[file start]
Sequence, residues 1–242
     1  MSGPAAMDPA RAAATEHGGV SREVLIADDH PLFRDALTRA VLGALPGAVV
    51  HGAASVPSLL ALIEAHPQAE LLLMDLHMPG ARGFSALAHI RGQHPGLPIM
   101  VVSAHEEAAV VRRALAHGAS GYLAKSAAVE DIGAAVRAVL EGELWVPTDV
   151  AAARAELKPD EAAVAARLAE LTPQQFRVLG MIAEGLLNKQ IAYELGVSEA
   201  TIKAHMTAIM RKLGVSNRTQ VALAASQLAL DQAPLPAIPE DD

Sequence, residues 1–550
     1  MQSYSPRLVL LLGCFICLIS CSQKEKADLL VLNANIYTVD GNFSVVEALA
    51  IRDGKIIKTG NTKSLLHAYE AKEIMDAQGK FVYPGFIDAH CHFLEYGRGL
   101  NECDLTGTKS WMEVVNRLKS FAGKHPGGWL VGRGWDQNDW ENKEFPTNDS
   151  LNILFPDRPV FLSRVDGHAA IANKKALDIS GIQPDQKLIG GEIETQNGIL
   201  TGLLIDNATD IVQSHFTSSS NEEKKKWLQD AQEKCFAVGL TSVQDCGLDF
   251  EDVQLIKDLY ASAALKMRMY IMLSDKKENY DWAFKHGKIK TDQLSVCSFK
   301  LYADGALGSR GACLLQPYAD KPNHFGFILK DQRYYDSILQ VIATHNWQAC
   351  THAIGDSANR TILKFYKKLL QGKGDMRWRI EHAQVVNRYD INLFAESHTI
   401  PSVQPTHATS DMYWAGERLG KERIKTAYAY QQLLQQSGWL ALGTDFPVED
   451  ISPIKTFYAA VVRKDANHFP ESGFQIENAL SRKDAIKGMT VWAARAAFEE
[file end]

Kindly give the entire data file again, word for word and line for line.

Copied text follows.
Sequence, residues 1–242
     1  MSGPAAMDPA RAAATEHGGV SREVLIADDH PLFRDALTRA VLGALPGAVV
    51  HGAASVPSLL ALIEAHPQAE LLLMDLHMPG ARGFSALAHI RGQHPGLPIM
   101  VVSAHEEAAV VRRALAHGAS GYLAKSAAVE DIGAAVRAVL EGELWVPTDV
   151  AAARAELKPD EAAVAARLAE LTPQQFRVLG MIAEGLLNKQ IAYELGVSEA
   201  TIKAHMTAIM RKLGVSNRTQ VALAASQLAL DQAPLPAIPE DD

Sequence, residues 1–550
     1  MQSYSPRLVL LLGCFICLIS CSQKEKADLL VLNANIYTVD GNFSVVEALA
    51  IRDGKIIKTG NTKSLLHAYE AKEIMDAQGK FVYPGFIDAH CHFLEYGRGL
   101  NECDLTGTKS WMEVVNRLKS FAGKHPGGWL VGRGWDQNDW ENKEFPTNDS
   151  LNILFPDRPV FLSRVDGHAA IANKKALDIS GIQPDQKLIG GEIETQNGIL
   201  TGLLIDNATD IVQSHFTSSS NEEKKKWLQD AQEKCFAVGL TSVQDCGLDF
   251  EDVQLIKDLY ASAALKMRMY IMLSDKKENY DWAFKHGKIK TDQLSVCSFK
   301  LYADGALGSR GACLLQPYAD KPNHFGFILK DQRYYDSILQ VIATHNWQAC
   351  THAIGDSANR TILKFYKKLL QGKGDMRWRI EHAQVVNRYD INLFAESHTI
   401  PSVQPTHATS DMYWAGERLG KERIKTAYAY QQLLQQSGWL ALGTDFPVED
   451  ISPIKTFYAA VVRKDANHFP ESGFQIENAL SRKDAIKGMT VWAARAAFEE